Nosy Neighbor: Why are there so many dead fish in the river?

K. wrote — and several folks have sent me pictures, one more gruesome than the next — asking why there are so many dead and dying fish floating in the river. They are in fact Atlantic Menhaden, aka bunker, and swim in huge schools around these parts. I spotted just one on Pier 25 last Tuesday; that must have been the beginning of the end because the reports started flowing in after that. “It’s so distressing to see them swimming around erratically like that,” she said.

This happened once before in July, when low oxygen levels due to a warming planet killed a bunch off then too. But the state Department of Environmental Conservation says that “die-off events” are not unusual for fish like this. Fish that swim in large schools are especially vulnerable to disruptions in their aquatic environment. I am not going to say it, but you know what I am thinking. It’s a bit much to take.

Still, the DEC has sent samples out to SUNY Stony Brook’s marine animal lab to see what’s up. See their full statement below, and I will update when they get the reports back.

DEC has received widespread reports of dead and dying Atlantic Menhaden (bunker) in the Hudson River and marine waters.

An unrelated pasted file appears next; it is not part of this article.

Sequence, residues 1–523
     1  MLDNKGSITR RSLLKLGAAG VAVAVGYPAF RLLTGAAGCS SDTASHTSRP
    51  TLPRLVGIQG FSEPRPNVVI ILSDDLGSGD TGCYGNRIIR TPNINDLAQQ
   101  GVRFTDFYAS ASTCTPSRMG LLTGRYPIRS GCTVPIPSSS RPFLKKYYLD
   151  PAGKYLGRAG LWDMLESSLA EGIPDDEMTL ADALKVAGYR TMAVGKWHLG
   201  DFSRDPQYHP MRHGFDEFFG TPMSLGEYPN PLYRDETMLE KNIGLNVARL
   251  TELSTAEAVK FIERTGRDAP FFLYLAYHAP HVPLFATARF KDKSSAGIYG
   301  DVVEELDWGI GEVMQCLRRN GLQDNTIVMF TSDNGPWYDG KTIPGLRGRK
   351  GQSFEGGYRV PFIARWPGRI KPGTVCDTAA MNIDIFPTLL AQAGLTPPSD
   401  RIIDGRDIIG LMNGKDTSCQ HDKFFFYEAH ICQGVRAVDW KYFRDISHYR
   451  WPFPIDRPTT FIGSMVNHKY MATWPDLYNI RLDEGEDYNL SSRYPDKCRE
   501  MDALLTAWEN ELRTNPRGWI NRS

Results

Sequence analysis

Report locations range from the Hudson River near Peekskill and south, Staten Island to the North Shore and East End of Long Island.
Die-off events of Menhaden are not unusual and there are various naturally occurring causes for these events. Fish, such as bunker, that swim in large schools are particularly vulnerable to low dissolved oxygen, certain environmental pressures, and pathogens.
In response to the recent events, DEC collected fish samples from the East End of Long Island and Hudson River for analysis by Stony Brook University’s Marine Animal Disease Laboratory (MADL) for further evaluation. Preliminary results of their findings will not be available until the samples are fully processed. We expect final results the end of next week.

DEC continues to monitor the event and requests additional reports and pictures be sent to
To report potential spills or other environmental violations contact DEC at 1-844-DEC-ECOS(1-844-332-3267)



  1. I have been seeing a lot of the dead fish at the south end, especially in the South Cove. Sometimes I think it even smells a bit fishy. I’m curious why there aren’t flocks of seagulls eating them. Does anybody know if seagulls won’t eat dead fish? I’ve seen a few gulls riding the waves and flying by but not a whole lot more than usual. And if that night heron still hangs out on Pier 25 (haven’t seen him/her lately) would s/he eat dead fish?

  2. They are eating them. My husband saw seagulls eating them

  3. Thanks for responding, dianne. Didn’t know that.